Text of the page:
How will steel and base metals fare for the remainder of 2016 and into 2017? You can find a more in-depth copper price forecast and outlook in our brand new Monthly Metal Buying Outlook report. For a short- and long-term buying strategy with specific price thresholds:

 

Tata Steel’s Canadian subsidiary recently signed definitive agreements with Resources Quebec and Investment Quebec, the investing arms of the provincial government for investment of $92.46 million (125 million Canadian dollars) in equity and $36.98 (50 million Canadian) dollars in debt, giving an 18% stake in Tata’s Canadian susbsidiary to Resources Quebec.

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Tata Steel Minerals Canada (TSMC) is a joint venture between Tata Steel and Canada’s New Millennium Iron Corp. It will start mining iron or in Quebec, Newfoundland, and Labrador Peninsula, and set up multiple processing facilities, including a beneficiation plant.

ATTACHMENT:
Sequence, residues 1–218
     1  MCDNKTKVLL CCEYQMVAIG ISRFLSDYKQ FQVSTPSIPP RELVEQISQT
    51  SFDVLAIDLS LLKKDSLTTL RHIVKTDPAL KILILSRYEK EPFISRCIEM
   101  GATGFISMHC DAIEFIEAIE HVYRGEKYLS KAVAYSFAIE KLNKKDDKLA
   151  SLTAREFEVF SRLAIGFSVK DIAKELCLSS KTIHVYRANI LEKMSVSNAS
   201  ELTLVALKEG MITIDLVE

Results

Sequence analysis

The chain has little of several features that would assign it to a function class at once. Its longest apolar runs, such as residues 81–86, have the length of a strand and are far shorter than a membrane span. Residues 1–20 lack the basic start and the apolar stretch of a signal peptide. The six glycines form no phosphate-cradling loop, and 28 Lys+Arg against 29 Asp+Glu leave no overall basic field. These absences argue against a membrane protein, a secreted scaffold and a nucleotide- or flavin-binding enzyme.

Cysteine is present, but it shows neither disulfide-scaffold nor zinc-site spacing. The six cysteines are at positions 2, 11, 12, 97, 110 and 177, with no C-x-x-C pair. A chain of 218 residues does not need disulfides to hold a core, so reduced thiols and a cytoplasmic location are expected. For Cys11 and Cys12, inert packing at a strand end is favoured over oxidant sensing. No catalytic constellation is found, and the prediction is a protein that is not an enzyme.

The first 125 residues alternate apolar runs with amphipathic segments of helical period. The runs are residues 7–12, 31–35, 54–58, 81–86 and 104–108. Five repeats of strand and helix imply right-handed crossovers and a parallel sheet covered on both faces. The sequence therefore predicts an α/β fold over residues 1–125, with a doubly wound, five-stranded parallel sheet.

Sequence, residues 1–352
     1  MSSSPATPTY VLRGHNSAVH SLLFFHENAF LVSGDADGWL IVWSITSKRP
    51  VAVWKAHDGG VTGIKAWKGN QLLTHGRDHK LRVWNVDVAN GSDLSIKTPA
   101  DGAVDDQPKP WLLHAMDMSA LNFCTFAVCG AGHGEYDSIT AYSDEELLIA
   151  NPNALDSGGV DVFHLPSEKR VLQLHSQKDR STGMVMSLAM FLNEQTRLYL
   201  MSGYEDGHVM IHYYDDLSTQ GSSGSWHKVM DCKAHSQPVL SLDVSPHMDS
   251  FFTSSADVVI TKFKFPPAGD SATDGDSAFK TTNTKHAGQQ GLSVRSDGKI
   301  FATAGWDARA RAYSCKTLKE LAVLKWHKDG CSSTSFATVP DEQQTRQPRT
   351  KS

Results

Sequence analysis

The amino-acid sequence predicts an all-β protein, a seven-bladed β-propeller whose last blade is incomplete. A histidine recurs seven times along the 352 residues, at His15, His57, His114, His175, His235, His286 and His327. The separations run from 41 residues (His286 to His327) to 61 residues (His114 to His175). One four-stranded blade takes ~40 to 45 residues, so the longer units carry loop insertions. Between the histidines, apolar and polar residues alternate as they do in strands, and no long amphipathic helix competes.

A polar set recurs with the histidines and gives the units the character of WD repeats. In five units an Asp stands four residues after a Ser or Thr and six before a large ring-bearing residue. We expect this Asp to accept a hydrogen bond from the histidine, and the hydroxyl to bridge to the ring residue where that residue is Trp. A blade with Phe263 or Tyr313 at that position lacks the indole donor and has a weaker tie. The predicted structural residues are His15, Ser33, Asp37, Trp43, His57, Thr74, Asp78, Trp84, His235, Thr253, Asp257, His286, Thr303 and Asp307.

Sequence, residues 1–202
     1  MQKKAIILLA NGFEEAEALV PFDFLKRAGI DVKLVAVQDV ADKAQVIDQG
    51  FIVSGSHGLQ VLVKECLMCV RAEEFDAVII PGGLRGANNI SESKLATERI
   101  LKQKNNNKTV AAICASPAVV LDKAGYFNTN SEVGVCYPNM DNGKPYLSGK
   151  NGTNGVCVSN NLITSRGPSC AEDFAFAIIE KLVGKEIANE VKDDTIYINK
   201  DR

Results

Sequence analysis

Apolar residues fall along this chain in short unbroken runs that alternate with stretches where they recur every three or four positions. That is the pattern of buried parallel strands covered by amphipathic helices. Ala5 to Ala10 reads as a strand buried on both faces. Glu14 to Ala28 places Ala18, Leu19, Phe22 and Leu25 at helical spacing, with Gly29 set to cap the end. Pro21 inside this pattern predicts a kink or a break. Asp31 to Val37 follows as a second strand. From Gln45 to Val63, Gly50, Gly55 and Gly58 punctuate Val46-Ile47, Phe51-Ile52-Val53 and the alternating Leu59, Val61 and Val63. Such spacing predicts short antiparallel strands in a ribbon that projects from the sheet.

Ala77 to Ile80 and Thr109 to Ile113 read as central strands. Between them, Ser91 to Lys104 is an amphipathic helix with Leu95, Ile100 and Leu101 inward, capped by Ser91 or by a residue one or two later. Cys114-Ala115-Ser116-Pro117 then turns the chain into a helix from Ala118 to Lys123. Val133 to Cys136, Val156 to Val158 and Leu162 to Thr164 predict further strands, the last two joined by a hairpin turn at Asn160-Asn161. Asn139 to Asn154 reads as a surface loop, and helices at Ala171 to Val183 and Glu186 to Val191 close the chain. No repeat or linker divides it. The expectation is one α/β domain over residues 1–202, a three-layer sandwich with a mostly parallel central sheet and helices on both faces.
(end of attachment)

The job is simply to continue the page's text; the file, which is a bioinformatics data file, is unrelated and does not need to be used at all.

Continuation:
After the transaction is completed, Tata Steel and New Millennium’s iron or stakes will be reduced to 77.68% and 4.32%, respectively.

The deal aims to advance development of the Direct Shipping Ore (DSO) property, which straddles the border between Quebec and Labrador, with mineral deposits on both provinces.

Tata Steel Group has invested over $1.35 billion (1 billion Canadian) in the direct shipping ore project to date.

Tata Steel Executive Director, Finance and Corporate, Koushik Chatterjee was quoted saying the investment signaled the Government of Quebec’s cooperation in supporting sustainable development in line with the objectives of its Plan Nord Initiative.

After inking the deal, Tata is positive it will lead to increased production, improving cost competitiveness and the development of the mineral deposits in Quebec.

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Tata said the project — which involves mining, crushing, washing and drying the run-of-mine ore near Schefferville, Québec, — will produce 4.2 million meric tons of sinter fines and pellet feed annually.

The finished product will be shipped to Tata Steel Europe’s steelmaking facilities.